Let me also remind you that the national programme in place is the programme of the Movement which you supported and elected. Therefore, you need to choose those individuals who will adhere to the movement political and economic programmes which the government has put in place to advance unity, development and progress. ... You should always welcome those who profess to work for the Movement and judge them according to their merit. But they should be professed to support the Movement.130

President Museveni also stated at a press conference after the election that senior members of government should only intervene in elections to back a candidate when a multipartyist was contesting against a movement candidate, stating "that is my critical enemy, the one who talks of parties now."131 President Museveni's views are repeated by countless local government officials, army officers, parliamentarians, and others who urge the local population to vote for movement candidates. As the resident district commissioner of Kasese told Human Rights Watch, "Officially, officials like us condemn the multipartyists and people are starting to understand. The UPC was strongest in the west. This is the argument we are using: all these conflicts we see today have their roots in the multipartyist."132

In the face of a number of electoral set-backs for the NRM in the 1998 local government elections-many important positions were won by multipartyist candidates associated with political parties, including the mayorship of the capital Kampala-it appears that the NRM may move towards even more direct sponsorship of NRM candidates. In an interview with the East African, Professor Gilbert Bukenya, the chair of the movement caucus in parliament, stated that the NRM would in future screen movement candidates and would offer only one candidate to prevent dividing the vote between different movement candidates: "Multipartyist have been exploring our weakness, which has made numerous movement candidates end up dividing their votes."133 When interviewed by Human Rights Watch, Minister of State for Political Affairs Mbabazi first attempted to distinguish the movement from political parties by suggesting that only the political parties sponsor candidates. When the minister was asked to comment on the statement by Professor Bukenya that the NRM was instituting similar practices, he told Human Rights Watch:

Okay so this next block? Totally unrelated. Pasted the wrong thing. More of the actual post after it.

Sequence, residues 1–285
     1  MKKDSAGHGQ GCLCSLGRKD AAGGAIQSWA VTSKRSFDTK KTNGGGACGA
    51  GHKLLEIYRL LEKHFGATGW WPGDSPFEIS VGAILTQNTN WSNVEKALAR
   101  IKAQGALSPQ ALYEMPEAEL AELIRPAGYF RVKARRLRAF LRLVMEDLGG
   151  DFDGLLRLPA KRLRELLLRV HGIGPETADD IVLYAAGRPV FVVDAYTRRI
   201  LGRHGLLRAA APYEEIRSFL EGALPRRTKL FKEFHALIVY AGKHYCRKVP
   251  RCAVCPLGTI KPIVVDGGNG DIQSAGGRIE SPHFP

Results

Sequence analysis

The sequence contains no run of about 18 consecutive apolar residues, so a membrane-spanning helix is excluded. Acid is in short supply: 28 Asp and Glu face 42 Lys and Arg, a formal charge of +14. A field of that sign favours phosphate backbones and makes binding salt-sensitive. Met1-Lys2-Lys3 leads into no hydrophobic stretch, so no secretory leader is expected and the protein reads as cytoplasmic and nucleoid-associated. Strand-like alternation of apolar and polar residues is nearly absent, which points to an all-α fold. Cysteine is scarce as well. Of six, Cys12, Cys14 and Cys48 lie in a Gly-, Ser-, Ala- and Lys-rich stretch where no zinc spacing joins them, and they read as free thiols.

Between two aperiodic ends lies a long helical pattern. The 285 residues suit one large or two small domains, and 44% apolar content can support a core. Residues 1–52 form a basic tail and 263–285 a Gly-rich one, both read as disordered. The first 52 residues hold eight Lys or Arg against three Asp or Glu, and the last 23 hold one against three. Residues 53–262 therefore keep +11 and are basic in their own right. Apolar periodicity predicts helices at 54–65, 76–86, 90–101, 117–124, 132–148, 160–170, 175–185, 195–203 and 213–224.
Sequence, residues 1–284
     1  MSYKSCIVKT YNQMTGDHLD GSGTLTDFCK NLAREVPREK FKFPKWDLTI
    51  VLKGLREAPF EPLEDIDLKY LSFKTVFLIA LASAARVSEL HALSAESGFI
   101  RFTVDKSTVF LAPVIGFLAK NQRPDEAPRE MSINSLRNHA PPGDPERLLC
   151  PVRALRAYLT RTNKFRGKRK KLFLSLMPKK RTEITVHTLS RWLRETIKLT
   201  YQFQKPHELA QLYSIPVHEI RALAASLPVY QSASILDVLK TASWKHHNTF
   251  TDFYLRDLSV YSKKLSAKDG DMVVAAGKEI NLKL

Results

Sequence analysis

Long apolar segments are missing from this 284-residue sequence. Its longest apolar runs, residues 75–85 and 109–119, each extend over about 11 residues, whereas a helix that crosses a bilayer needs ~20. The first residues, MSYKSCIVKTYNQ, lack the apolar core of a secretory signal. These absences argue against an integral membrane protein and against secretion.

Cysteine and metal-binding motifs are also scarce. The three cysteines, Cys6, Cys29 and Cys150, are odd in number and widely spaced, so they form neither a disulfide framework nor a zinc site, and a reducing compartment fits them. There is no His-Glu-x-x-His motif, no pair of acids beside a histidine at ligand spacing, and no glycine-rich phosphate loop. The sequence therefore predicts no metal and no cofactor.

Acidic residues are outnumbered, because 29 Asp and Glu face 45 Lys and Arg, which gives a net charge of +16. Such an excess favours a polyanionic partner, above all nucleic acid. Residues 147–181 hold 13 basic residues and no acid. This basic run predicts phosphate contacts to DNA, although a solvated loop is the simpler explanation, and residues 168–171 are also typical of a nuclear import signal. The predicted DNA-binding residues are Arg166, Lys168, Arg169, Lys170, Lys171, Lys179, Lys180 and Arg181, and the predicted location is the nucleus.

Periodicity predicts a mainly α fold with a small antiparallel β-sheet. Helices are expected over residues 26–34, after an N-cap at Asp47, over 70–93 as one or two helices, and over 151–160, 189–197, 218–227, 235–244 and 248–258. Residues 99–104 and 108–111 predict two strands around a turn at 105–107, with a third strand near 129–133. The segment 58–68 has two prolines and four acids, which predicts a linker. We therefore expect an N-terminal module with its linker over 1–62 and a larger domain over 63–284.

We must sort out what to do in such cases as the recent local council elections in Kampala, where the vote can be split between different movement candidates. There is a dilemma because parties are not supposed to sponsor candidates, because we want to avoid tribal voting. When parties sit and act as parties to choose candidates, the choice wehave is to act in a unified way. What do we do? In that event, maybe we shall also organize against them. We can crack down and use the law against them or organize ourselves politically against the parties.134

Most of the advocates for pluralism interviewed by Human Rights Watch shared the view that the NRM was trying to entrench itself in power by creating structures that made the NRM synonymous with the state. Karuhanga K. Chapaa, chairperson of the National Democrats Forum, told Human Rights Watch:

The NRM is a party, trying to steal members of other parties and break down other parties. There is a failure on the part of the NRM to look for partnerships in the process of democratization. ... Now the NRM structures are state organs used to dominate society in the same way as the Communist Party. Everybody must belong to the movement. Even as a minority we should be allowed to exist. They feel they are strong, militarily superior and they know the parties don't have an army. Democracy includes readiness to accept defeat and leave power, but the NRM doesn't accept this.135

Law professor Frederick Jjuuko agreed: "We really became a one-party state because the movement is organized as any party, and it uses state resources while denying others freedom of association."136